The refitted Voyager transport aircraft will be tasked with flying senior ministers to global events and summits.

The Voyager aircraft has been refitted at a cost of about £10m, in order to save about £775,000 per year as the plane will be cheaper than chartering flights, delivering significant savings for the tax payer.

The information comes to light via a written response to a parliamentary question asked by Andrew Gwynne (MP for Denton and Reddish):

“To ask the Secretary of State for Defence, what progress has been made on the upgrade of a Voyager aircraft for transporting senior Ministers; and if he will make a statement.”

Answered by Philip Dunne:

“Following the Strategic Defence and Security Review 2015, the Ministry of Defence project team are working with Air Tanker Ltd and their supplier, Airbus Defence and Space, on the Voyager enhanced cabin fit and are on target to deliver this in July 2016.”

The Airbus A330 Voyager is an aerial refuelling tanker aircraft with transport capabilities and is based on the civilian Airbus A330. The multi-role A330 tanker/transport has been ordered by the Royal Australian Air Force, Royal Air Force, United Arab Emirates Air Force, Royal Saudi Air Force and Republic of Singapore Air Force.

Official flights using either Royal Squadron planes or long haul charter, cost on average £6,700 per flying hour while using a Voyager aircraft would cost £2,000. It would be available for refuelling when it wasn’t in use.

A government spokesperson said:

“As part of the government’s defence review, we have been looking at ways to make better use of the RAF fleet to transport senior ministers and consequently deliver savings for taxpayers.

We have decided to adapt one of our existing Voyager aircraft so that, in addition to its primary air tanking role, it can transport Ministers and it will also be available for the Royal family to use.”

The Airbus A330 Multi Role Tanker Transport is an aerial refuelling tanker aircraft based on the civilian Airbus A330. The A330 MRTT has been ordered by the Royal Australian Air Force, Royal Air Force, United Arab Emirates Air Force, Royal Saudi Air Force and Republic of Singapore Air Force.


  1. And if its busy ferrying around the political class, it’s not available for its primary role. John Major tried to get his own Air Force One in the 90s. Happily he was seen off.

  2. Not sure we need too many of these in their primary role at present. It’s actually a role fit anyway that can be fitted to any of the airframes and of course can exploit the military equipment installed given what’s happening these days. Personally I think it’s right our monarch and PM can use an asset like this given who we are …. Lesser nations leaders have such access my if not deficated assets.

  3. Problem is though we’re already paying through the nose to ferry around the political class. These days if you’re going to a summit or to a top level state visit to a major power like America or China, you need to arrive in a big enough plane to carry not only your own staff but all the the following press pack. Also it needs to look (relatively) good for national prestige.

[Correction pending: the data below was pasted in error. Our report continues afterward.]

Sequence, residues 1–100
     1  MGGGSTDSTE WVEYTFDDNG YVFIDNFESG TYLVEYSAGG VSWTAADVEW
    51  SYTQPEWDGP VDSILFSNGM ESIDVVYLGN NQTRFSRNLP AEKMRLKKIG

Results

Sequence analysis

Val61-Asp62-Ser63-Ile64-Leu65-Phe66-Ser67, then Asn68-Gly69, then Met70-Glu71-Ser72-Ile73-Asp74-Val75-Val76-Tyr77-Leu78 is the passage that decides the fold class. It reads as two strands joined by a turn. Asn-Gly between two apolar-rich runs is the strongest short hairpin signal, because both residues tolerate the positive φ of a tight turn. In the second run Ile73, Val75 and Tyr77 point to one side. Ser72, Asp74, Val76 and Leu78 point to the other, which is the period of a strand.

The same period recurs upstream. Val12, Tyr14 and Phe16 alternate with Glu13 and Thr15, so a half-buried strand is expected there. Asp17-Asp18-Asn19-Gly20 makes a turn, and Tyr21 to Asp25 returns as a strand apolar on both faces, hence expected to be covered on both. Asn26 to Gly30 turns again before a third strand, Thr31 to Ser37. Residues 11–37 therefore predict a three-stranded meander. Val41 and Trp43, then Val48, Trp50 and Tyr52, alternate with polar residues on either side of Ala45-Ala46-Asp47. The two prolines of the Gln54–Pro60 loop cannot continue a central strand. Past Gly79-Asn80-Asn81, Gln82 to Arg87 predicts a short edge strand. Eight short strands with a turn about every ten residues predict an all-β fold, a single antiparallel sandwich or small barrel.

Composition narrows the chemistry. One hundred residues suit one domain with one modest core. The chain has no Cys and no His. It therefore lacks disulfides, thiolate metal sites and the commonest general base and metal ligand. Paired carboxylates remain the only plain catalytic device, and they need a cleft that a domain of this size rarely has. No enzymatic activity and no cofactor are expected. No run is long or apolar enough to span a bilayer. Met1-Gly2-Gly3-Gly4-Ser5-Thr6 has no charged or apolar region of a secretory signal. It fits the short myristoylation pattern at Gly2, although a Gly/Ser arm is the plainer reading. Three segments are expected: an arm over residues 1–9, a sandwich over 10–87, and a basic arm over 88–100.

I understand the consternation of the taxpayer spending yet more £££ on what looks like a perk for politicians and/or the Royal Family but this is yet another case of Britain’s bi-polar attitude to things: we want to be the best and envy countries who have things which make them look awesome and the best yet seem to hate ourselves for taking the steps to get those same things or take big steps on the world stage. We do love to dream big yet also love to talk ourselves down and staying on our own little island – no this isn’t a remain argument, just a general one whether we’re in or out of Europe!

    TL;DR version: Just pay the £10 million and save money already.

  4. There is no need for this. We don’t need an airforce one here. Complete waste of tax payers money along with all the chauffeur driven cars etc. Time our MPs came down to earth.

  5. To expect our key diplomats to fly scheduled airlines to major international meetings is ridiculous. I want our PM and senior ministers and civil servants to work hard for this country so spending £10 million quid to give them an environment where they can hold meetings at the highest security levels en-route to somewhere, have secure and reliable communications back to their UK infrastructure, or just get a few hours of privacy and comfort so that they arrive at their meetings refreshed and ready to perform at their best is a bargain.

    Also, this is NOTHING like the USA Airforce One planes. This is us getting the essential capability for a modest price tag. Money well spent.

  6. Chartered means maintenance costs are factored in and responsibility of the airline owner. Maintenance costs for the RAF are not factored into this statement of £2000. I doubt if it will be cheaper than chartered.

  7. Be positive all 4 Foreign office officials who will actually be negotiating new trade deals globally for UK post Brexit will have plenty of room.

    I sincerely hope that this aircraft will be used to its full potential


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